Can Telescopes See Through Clouds? (Explained!)

*This post may contain affiliate links. This means we may make a commission if you purchase an item using one of our links*

No, telescopes cannot see through clouds. Telescopes may use a magnifying glass that essentially allows us to zoom extremely far out into space however, it does not have the power (right now that is) to look through objects that the human eye cannot. 

For example, a magnify glass wouldn’t allow you to see the through a rock or make our the insides of ball of cotton right?

Therefore the same applies for clouds; if you cannot see through it with the naked eye, a telescope cannot either.

Why Can’t Telescopes See Through Clouds?

To explain why they more in-depth, a telescope cannot see through clouds because it works by reflecting light just like our eyes do. So, if our eyes cannot see through it, a telescope will also be unable to do so.

But why? Because clouds contain water droplets, which light cannot easily pass through. This is what obscures our view of what lies behind the clouds as we (and our telescopes) depend on light reflection in order to see clearly.

Can Telescopes See Planets In Light Pollution?

Light pollution refers to the light generated in urban areas (think of households, skyscrapers, etc.).

Although they won’t be nearly as detailed as the views from a clear sky, a lot of telescopes would still be able see planets in light polluted areas! Venus, Mars, Jupiter, and Saturn are the most easily viewable in this scenario.

What Is The Best Weather To Use Your Telescope?

It’s fairly obvious that the best time to use your telescope is when the weather is clear. But there is a lot more to predicting a clear night sky than just looking at your local forecast.

Often the primary concern when it comes to local weather reports is the likelihood of rain, not if the sky is going to be cloudy or clear.  This is why it’s hard to say even if it’s isn’t raining if the sky would be too cloudy for an optimal stargazing night ahead.

Using resources like Clear Outside or Clear Dark Sky would be the best way to information about local weather and if it’ll suit your stargazing needs. Although barometric pressure is often found in local reports and is a good indicator of how clear the sky is, with higher barometric pressures indicating clearer skies than lower pressures.

There are a couple other factors to consider. These would be transparency and what you can see.

Transparency refers to how clear the sky is, as in how devoid it is of dust and/or humidity. Transparency is at its worst in the summer and best in the winter.

Seeing in stargazing refers to how wobbly the sky seems. This might sound strange, but consider how sometimes when you look up at the night sky, the stars appear to be shimmering or even dancing somewhat. If the sky looks like this, these conditions probably wouldn’t be ideal.

On the other hand, the absence of shimmery stars means the seeing conditions are good.

A general rule of thumb is that seeing is better the later at night it gets, whereas it is at its worst early on.

As can be gathered from this, determining good weather conditions for using your telescope involves multiple factors, but remember that the conditions don’t have to be perfect for a good session. You can stargaze in the summer, it is just that the clarity will likely be lower than it is in the winter months, for example.

Can Radio Telescopes See Through Clouds?

Yes, they can! Note this is a different category of telescope than what has already been discussed.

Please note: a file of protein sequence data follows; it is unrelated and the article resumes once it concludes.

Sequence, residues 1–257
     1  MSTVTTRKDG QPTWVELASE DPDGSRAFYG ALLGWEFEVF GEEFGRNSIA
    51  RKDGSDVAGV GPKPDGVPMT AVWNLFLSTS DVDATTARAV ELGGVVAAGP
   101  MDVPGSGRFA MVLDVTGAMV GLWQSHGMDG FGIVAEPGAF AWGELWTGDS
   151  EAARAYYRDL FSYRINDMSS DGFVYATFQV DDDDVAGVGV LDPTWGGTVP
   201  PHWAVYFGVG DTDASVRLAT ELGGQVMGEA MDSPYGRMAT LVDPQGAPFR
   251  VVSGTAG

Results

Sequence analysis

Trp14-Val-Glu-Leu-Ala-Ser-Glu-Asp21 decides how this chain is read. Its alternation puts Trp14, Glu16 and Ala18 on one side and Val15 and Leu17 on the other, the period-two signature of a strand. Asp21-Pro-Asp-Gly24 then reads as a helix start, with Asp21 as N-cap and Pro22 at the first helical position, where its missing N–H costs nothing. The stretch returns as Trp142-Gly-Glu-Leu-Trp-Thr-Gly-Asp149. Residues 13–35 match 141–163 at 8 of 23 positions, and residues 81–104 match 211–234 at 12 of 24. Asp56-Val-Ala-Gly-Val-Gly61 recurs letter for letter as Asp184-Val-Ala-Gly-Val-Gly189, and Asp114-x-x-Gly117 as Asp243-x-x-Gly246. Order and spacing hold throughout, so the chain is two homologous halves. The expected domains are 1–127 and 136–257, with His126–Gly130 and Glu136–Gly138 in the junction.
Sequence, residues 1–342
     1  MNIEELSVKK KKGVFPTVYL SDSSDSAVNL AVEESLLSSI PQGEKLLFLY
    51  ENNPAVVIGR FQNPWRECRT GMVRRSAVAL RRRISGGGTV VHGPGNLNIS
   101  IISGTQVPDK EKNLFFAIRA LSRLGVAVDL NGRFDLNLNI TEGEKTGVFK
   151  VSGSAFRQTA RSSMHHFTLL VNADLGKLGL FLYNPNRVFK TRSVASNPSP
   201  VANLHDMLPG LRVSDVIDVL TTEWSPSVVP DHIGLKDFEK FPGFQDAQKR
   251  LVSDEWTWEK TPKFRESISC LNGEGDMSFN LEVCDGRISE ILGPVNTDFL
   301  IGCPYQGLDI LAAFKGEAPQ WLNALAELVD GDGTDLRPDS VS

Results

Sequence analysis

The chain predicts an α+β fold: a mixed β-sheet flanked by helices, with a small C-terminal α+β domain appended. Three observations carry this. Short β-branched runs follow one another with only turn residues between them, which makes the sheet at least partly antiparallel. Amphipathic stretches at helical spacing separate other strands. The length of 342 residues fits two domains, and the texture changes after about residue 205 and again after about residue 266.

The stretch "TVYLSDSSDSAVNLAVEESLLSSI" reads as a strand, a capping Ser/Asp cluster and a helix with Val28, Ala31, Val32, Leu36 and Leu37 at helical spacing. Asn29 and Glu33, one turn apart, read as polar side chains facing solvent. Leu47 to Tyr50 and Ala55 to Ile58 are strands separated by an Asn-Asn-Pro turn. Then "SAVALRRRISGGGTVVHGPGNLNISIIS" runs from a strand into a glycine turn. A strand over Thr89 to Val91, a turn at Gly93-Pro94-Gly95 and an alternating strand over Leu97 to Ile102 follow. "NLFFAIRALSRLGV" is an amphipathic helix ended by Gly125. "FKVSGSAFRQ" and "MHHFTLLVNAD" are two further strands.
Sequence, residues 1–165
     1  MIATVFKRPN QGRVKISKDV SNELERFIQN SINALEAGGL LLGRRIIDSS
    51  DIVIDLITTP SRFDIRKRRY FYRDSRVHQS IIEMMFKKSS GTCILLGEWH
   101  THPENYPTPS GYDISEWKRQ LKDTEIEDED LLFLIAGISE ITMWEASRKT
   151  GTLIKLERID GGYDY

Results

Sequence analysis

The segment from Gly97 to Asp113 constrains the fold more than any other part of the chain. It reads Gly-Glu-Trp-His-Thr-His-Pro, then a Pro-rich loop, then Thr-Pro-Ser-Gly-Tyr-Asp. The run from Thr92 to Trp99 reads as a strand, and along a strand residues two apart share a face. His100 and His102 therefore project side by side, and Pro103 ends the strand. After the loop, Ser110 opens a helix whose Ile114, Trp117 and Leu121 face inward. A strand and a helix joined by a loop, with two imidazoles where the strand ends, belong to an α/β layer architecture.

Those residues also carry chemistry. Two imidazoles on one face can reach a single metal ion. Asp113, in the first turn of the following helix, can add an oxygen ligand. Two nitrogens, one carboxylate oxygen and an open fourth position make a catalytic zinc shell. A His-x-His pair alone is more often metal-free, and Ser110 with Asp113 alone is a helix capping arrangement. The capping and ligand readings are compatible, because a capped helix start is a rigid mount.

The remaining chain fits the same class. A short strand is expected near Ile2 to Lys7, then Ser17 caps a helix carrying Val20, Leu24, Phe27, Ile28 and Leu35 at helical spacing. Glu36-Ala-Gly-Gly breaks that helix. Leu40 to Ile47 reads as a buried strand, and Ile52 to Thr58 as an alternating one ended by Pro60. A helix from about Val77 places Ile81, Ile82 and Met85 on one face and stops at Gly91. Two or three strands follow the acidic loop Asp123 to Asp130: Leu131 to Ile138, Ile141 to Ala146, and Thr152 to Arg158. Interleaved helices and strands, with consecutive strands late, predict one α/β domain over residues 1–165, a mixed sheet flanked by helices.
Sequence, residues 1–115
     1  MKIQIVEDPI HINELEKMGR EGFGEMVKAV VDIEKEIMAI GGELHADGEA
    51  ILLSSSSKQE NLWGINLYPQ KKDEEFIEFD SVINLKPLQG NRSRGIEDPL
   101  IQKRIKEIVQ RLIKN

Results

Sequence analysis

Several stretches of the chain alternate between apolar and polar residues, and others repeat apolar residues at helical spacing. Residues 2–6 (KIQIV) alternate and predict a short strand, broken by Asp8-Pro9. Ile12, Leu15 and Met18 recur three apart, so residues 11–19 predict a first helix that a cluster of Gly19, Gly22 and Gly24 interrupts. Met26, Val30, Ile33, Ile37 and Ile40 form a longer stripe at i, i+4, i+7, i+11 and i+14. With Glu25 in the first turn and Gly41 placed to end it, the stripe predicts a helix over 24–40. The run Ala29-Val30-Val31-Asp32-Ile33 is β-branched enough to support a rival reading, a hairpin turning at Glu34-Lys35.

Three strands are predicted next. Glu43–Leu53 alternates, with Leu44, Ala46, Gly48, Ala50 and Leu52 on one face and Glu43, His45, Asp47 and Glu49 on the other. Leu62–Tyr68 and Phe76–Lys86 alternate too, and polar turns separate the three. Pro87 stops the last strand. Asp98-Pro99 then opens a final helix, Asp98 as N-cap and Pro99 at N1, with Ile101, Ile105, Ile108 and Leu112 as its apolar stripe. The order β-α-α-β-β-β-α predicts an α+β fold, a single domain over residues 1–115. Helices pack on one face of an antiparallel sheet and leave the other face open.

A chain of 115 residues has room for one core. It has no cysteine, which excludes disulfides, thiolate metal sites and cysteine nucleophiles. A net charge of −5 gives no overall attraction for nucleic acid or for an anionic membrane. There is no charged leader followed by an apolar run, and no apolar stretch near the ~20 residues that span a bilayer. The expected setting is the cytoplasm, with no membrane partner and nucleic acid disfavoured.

We have discussed telescopes that work by light, which are known as optical telescopes. Radio telescopes, on the other hand, use radio waves. This type of telescope is able to essentially push through clouds, as well as objects that are normally hidden by dust.

Despite this advantage over optical telescopes, they also have disadvantages.

Radio telescopes have to be a lot larger, or have a much larger viewing area, than an optical telescope in order to provide the same level of detail as it’s optical counterpart. While it can provide images hidden from the optical telescope, it cannot do so with the same level of detail without larger equipment generally.

Optical telescopes are unable to penetrate the clouds, working like our own eyes do. Anything we cannot see through, an optical telescope is also unable to see through.

In this way, it makes sense to think of a telescope as a very powerful magnifying glass, enabling us to see much farther than normal while still being constrained to the visual capabilities our eyes are used to.

On the other hand, radio telescopes can see through clouds, as they function on radio waves, hence their name. In general, they provide a less detailed image than an optical telescope of similar size and viewing area.

The radio telescope needs larger equipment in order to provide the same level of detail as an optical telescope.

Conclusion

Ideal weather conditions to use your telescope are those that have low humidity, high barometric pressure, along with few or no clouds. However, they do not have to be absolutely perfect to be able to stargaze.

In fact, you can even see some planets despite light pollution, meaning you do not have to travel to a remote countryside for a competent experience.

Rather than relying on your local weather station for forecasting, using resources for stargazing is a better option, allowing you to get more detailed information on whether conditions will be favorable for using your telescope.

References

Urban Astronomy

https://www.accuweather.com/en/space-news/the-best-weather-for-stargazing/693840

https://www.opticalmechanics.com/stargazing-conditions/

What is Radio Astronomy?

https://imagine.gsfc.nasa.gov/science/toolbox/emspectrum_observatories1.html

Leave a Comment